by The KCM Crew on December 28, 2012
Updates from December, 2012
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by The KCM Crew on December 27, 2012
Predicting trends during volatile economic times in American is no easy task. However, we are going to give it our best shot. We strongly believe these are the five real estate items we should keep an eye on in 2013:
Demand for Housing Will Continue to Surge
The housing market has turned the corner and there is no reason to believe that buyer demand will not maintain momentum throughout 2013. Household formations shot up to boom-time levels in 2012 and are projected to increase at even a faster rate over the next twelve months. A lack of inventory will be more of a challenge to sales increases than will a lack of demand.
Generations X and Y Will Prove They Believe in Homeownership
Contrary to what many have hypothesized over the last few years, young adults (18-35 year olds) are just as committed to homeownership as previous generations. Recent studies have shown: (More …) Print This Post
by The KCM Crew on December 7, 2012 Print This Post
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by The KCM Crew on November 16, 2012 Print This Post
November 13, 2012
When deciding whether or not to buy a home, one consideration will be the cost of alternative housing options. Renting an apartment is one such alternative. Where are rental prices heading over the next few years?
Rental prices usually increase by about 3 percent annually. Trulia just released their Trulia Rent Monitor where they revealed that rental prices have increased dramatically in the last year.
“Nationally, rent gains continued to outpace home price increases in October, rising by 5.1 percent.”
Based on the concept of supply and demand, we believe rental prices will continue to substantially increase over the next few years. The long-run 30-year average increase in multifamily rental households is 200,000 each year. Over the next few years, those numbers will more than double to over 500,000 each year. Freddie Mac in their latest report, Multifamily Research Perspectives, projects housing demand going forward.
“Given assumptions consistent with economic growth slightly slower than long run averages, multifamily demand is likely to be in the range of 1.7 million net new renter households between now and 2015.”
The cost of owning a home will begin to increase as both prices and mortgage rates are expected to inch up in 2013. Perhaps now is the perfect time to lock in your long term housing expense by purchasing your own home. Print This Post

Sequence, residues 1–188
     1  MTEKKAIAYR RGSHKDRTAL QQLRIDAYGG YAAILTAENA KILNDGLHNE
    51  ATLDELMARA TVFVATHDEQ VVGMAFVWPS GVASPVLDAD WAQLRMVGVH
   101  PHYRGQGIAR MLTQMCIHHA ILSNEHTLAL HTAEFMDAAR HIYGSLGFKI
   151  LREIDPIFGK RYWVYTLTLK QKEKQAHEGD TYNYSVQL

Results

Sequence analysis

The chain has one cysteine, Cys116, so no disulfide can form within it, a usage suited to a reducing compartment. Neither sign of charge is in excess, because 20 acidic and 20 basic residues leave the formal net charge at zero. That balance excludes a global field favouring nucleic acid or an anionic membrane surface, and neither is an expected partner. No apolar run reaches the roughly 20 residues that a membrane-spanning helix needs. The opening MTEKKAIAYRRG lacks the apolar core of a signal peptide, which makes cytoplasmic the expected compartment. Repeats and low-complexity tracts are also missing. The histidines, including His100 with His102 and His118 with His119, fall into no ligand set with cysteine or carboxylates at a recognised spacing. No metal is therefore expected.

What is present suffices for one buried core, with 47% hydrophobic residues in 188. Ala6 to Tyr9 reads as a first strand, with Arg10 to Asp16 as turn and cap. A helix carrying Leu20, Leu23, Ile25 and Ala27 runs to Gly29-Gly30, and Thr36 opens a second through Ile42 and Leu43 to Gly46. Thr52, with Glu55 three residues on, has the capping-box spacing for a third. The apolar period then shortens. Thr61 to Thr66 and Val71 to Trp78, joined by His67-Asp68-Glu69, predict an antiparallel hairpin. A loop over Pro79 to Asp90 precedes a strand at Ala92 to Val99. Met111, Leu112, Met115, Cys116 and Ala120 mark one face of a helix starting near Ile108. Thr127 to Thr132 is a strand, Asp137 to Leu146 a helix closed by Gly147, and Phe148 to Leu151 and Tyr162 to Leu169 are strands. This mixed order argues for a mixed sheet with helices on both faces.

Media Contact: Walter Molony / 202-383-1177
ORLANDO (November 9, 2012) – The housing market recovery should continue through the coming years, assuming there are no further limitations on the availability of mortgage credit or a “fiscal cliff,” according to forecast presentations at a residential forum here at the 2012 Realtors® Conference and Expo.
Lawrence Yun , chief economist of the National Association of Realtors®, said the housing market clearly turned around in 2012. “Existing-home sales, new-home sales and housing starts are all recording notable gains this year in contrast with suppressed activity in the previous four years, and all of the major home price measures are showing sustained increases,” he said.
“Disruption from Sandy likely will be temporary, notably in New Jersey and New York, but the market is likely to pick up speed within a few months with the need to build new homes in damaged areas,” Yun added. Print This Post
By John E. Miller
Over the last few years real estate investor confidence has been harder to find than a needle in a haystack. Today, however, things look differently as investor confidence is on the upswing—which is positive news for everyone involved in real estate.
Investors After the Real Estate Market Crash
Let’s face it—in comparison to the life of real estate investors before the crash, it has been very hard to make a living with real estate investing over the last few years. Successful investors decided to purchase foreclosures and other distressed properties and turn these homes into rental properties in areas with a high demand. Although these investors had to expand their job description to include “landlord,” this minor adjustment enabled these investors to immediately start seeing a return on their investment. Print This Post
Sparked by rising home prices across much of the nation, the housing recovery is now under way, but fiscal uncertainties and other challenges could result in a bumpy ride in the coming months, according to economists participating in a recent National Association of Home Builders (NAHB) webinar on the construction and economic outlook.
“We’re seeing a more robust housing sector than many other parts of the economy,” says NAHB Chief Economist David Crowe. “One of the reasons is we have finally begun to see on a national scale that house prices are picking up again.”
Crowe cited a number of other factors that are carrying the housing momentum forward. These include: Print This Post
Sales of newly built, single-family homes rose 5.7 percent to a seasonally adjusted annual rate of 389,000 units in September, according to newly released figures from HUD and the U.S. Census Bureau. This is the fastest sales pace recorded since April of 2010.
“Combined with consistent, positive reports on housing starts, permits, prices and builder confidence in recent months, today’s data provides further confirmation that a gradual but steady housing recovery is underway across much of the nation,” says Barry Rutenberg, chairman of the National Association of Home Builders (NAHB) and a home builder from Gainesville, Fla. “Consumers who have been on the sidelines during the past few years are deciding now is the time to go forward with a new-home purchase, assuming they can qualify for a good mortgage under today’s exceedingly stringent guidelines.”